To do this, simply run your code the way you normally would in your IDE. In our case, here’s what the test runner returns:

.
__________________________________
Ran 1 test in 0.001sOK

That means that our tests passed — our function is working as it should!

Let’s see what happens if we change our testcase so that one of them fails. We will update our testcase to say that if 4 and 2 are our x and y arguments, respectively, our output should be 20.

Here’s what happens when we run our test:

F
====================================================================
FAIL: test_raise_to (__main__.TestProject)
--------------------------------------------------------------------
Traceback (most recent call last):
File "/Applications/test_example.py", line 6, in test_raise_to
self.assertEqual(project.raise_to(4, 2), 20)
AssertionError: 16 != 20--------------------------------------------------------------------
Ran 1 tests in 0.001sFAILED (failures=1)

The test runner tells us not only a) where the issue is (which assertion failed), but also why (16 != 20). This is a great way to quickly and efficiently isolate the issue.

Here’s what our final test module code looks like:

# Import modulesimport unittest
import project# Define our classclass TestProject(unittest.TestCase):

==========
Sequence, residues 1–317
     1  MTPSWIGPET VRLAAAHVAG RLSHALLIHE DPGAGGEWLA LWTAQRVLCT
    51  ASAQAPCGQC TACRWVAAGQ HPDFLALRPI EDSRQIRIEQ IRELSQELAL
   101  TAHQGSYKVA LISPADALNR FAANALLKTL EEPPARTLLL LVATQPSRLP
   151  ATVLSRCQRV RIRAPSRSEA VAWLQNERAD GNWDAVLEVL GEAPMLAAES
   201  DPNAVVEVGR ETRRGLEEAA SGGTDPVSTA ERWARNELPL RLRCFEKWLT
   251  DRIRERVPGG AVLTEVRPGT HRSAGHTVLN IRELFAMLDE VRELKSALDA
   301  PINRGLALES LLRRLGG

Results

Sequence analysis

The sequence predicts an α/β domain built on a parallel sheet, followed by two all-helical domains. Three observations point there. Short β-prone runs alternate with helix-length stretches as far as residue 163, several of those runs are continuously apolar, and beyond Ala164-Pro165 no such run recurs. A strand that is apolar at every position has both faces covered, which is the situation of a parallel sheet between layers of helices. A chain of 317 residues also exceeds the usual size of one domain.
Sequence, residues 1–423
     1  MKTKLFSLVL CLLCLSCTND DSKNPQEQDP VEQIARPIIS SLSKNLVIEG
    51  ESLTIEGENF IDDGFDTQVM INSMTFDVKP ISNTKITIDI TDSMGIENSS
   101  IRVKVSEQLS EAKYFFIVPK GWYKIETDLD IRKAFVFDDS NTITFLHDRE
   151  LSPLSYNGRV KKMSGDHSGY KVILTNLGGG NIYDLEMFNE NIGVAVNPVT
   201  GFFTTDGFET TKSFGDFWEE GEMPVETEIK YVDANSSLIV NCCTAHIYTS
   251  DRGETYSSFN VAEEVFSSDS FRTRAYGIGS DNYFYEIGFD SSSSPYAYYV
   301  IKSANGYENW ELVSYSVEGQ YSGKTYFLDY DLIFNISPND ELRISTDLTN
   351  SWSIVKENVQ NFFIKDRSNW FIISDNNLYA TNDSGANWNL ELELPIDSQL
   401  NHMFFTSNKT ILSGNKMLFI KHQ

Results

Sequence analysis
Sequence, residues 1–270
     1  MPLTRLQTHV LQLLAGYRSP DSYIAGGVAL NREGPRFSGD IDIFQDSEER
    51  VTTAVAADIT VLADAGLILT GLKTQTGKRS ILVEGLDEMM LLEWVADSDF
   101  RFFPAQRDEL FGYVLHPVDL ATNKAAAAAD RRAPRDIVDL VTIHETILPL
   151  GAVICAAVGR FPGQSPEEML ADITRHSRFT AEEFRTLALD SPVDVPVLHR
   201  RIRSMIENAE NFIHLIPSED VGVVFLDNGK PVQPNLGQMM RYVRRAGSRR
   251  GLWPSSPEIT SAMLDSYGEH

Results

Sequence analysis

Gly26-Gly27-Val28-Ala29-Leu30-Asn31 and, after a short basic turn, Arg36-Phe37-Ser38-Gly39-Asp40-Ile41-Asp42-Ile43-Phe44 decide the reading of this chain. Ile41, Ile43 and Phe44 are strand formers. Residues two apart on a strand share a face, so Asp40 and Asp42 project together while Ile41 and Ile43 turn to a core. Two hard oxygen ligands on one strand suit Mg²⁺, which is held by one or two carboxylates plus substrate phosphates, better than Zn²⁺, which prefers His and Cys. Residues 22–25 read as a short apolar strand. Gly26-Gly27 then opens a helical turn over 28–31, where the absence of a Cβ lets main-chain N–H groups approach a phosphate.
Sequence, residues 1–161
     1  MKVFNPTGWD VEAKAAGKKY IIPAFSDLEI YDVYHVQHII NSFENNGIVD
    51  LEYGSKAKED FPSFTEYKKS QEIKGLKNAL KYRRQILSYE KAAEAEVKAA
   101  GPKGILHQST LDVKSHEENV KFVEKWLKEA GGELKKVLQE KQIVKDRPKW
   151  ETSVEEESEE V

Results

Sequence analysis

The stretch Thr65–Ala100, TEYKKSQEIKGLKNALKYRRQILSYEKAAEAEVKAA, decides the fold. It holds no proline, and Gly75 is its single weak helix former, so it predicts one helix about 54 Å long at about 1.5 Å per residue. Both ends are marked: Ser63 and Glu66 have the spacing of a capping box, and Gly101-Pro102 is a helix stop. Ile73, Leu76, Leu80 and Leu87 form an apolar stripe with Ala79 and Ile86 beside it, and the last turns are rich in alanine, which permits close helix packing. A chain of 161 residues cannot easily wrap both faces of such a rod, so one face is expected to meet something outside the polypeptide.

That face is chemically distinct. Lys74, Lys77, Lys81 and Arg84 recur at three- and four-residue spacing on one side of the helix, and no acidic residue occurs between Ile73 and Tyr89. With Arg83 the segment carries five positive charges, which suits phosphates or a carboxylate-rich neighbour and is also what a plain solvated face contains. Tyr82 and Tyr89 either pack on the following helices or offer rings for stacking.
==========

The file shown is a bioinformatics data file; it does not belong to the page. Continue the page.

def test_raise_to(self):
self.assertEqual(project.raise_to(3, 2), 9)
self.assertEqual(project.raise_to(4, 0), 1)
self.assertEqual(project.raise_to(4, -2), 0.0625)def test_divide_by(self):
self.assertEqual(project.divide_by(9, 3), 3)
self.assertEqual(project.divide_by(-1, 1), -1)
self.assertEqual(project.divide_by(-1, -2), 0.5)def test_concat_names(self):
self.assertEqual(project.concat_names('Jay', 'Reyes'), 'JayReyes')
self.assertEqual(project.concat_names('Elina', 'Chen'), 'ElinaChen')
self.assertEqual(project.concat_names('Cori', 'Malone'), 'CoriMalone')if __name__ == "__main__":
unittest.main()

As always, the best way to learn about unit testing is to experiment — play around with your own code! It’s a great way to figure out gaps in your own knowledge, and to understand the concept more in-depth.

If you’d like to learn more about unittest, I highly suggest checking out the resources below.

Corey Schafer Video: Python Tutorial: Unit Testing Your Code with the unittest Module

Python.org DocumentationUnit Testing with unittest

Real Python TutorialGetting Started with Testing in Python

Good luck, and happy coding!